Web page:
Whistleblowers Protection Blog recently wrote about the the District of Columbia Court of Appeals overturning its earlier ruling in U.S. ex rel Findley v. FPC-Boron Employees Club, 105 F.3d 675 (D.C. Cir. 1997). In that case, the D.C. Circuit had held that to be "an 'original source' [in a False Claims Act case] a whistleblower must make his or her disclosure to the government before there is any public disclosure of the same allegation." In U.S. ex rel Davis v. District of Columbia, No. 11-7039, May 15, 2012), the D.C. Circuit relied on the Supreme Court's ruling in Rockwell International Corp. v. United States, 549 U.S. 457 (2007), to reject the view, found in Findley, that a "relator could provide nothing new after a public disclosure." Noting that the False Claims Act has been changed to further clarify who can be an original source (see 31 USC 3730(e)(4)(B)), the Court held "[a]pplying the 1986 version of the Act, we will no longer require a relator provide information to the government prior to any public disclosure of allegations substantially similar to the relator's and will instead enforce the text's deadline of 'before filing an action.'"
Davis is a odd case and with an unsympathetic relator. In the other part of the case, the Court sustained the District Court's ruling that the relator, Davis, was not entitled to treble damages and that the relator had failed to allege any actual damage to the United States. Davis had been an accountant to the District of Columbia Public Schools ("DCPS") and his firm prepared Medicaid reimbursement claims made by DCPS to Medicaid for 1995 - 1997. Apparently, DCPS replaced the realtor's firm with another in 1998, and the other firm submitted the DCPS Medicaid reimbursement for 1998. According to Davis, however, DCPS submitted it claims without the required documentation since "only [Davis] had the required documentation supporting the claim and he never gave it back to DCPS." DCPS subsequently received a Medicaid reimbursement of over 10 million , but most of that amount had to be returned to Medicaid after an auditor found that the DCPS 1998 claim had "not been adequately documented." Four years after the Auditor's Report on the 1998 claim, Davis filed a qui tam against DCPS and the District of Columbia alleging that they had improperly submitted the 1998 Medicaid reimbursement claims without proper documentation -- thus the issue about whether he could be an original source.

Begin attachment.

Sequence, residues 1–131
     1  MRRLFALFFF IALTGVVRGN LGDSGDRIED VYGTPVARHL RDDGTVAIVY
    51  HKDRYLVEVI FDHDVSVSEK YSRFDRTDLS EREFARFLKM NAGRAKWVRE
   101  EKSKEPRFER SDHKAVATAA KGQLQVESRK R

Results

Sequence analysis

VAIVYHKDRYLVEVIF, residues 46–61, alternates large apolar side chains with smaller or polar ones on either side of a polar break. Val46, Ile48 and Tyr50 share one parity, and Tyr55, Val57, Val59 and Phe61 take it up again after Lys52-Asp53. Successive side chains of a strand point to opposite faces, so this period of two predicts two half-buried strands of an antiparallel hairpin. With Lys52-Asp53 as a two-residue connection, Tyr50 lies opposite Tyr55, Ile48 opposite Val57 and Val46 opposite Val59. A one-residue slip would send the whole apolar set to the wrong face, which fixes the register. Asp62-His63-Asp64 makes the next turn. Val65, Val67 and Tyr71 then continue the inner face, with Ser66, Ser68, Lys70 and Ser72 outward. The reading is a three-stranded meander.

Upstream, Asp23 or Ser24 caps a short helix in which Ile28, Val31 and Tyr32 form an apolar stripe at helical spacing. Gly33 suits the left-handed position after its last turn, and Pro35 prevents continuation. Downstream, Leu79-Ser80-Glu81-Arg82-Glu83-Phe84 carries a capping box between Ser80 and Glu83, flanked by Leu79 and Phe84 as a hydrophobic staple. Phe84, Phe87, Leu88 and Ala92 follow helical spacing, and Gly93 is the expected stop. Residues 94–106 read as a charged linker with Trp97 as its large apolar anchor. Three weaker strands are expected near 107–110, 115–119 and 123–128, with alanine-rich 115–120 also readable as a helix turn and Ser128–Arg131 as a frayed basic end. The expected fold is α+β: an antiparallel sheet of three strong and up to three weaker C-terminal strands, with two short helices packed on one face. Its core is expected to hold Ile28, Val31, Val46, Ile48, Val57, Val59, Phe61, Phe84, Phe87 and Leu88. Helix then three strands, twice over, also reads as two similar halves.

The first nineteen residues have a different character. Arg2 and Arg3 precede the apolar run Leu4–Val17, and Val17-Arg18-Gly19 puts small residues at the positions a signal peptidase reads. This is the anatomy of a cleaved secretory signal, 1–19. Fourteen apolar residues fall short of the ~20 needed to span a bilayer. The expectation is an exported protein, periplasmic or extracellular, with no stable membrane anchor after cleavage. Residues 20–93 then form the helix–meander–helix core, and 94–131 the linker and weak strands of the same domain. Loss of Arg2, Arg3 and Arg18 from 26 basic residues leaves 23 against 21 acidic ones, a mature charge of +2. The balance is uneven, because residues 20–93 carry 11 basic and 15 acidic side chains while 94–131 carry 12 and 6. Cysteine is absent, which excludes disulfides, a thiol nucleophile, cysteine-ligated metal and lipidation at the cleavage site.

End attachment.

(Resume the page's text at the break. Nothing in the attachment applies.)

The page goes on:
Davis, the Court observed, did not allege in his suit that any of the claimed services were not provided to the DCPS or that any costs were exaggerated --in short, he did not allege that the government has suffered any damage as a result of the alleged lack of documentation. In fact, "[b]ecause all agree that the services paid for were provided, the maintenance of documents to prove that they were has no independent monetary value. This is the rare case in which there is no allegation that what the government received was worth less than what it believed it had purchased. . . . . The government got what it paid for and there are no damages." The Court noted that Davis may still be entitled to "share" in any statutory penalties assessed against the District.
In view of the lack of damages, this case sounds like a great waste of time for everyone, and it appears to be an strange vehicle for the Court to change it position that a relator can still be an original source even if the relator approaches the government after disclosure. The relator's conduct in Davis certainly does not justify such a change.
A. Brian Albritton
May 20, 2012
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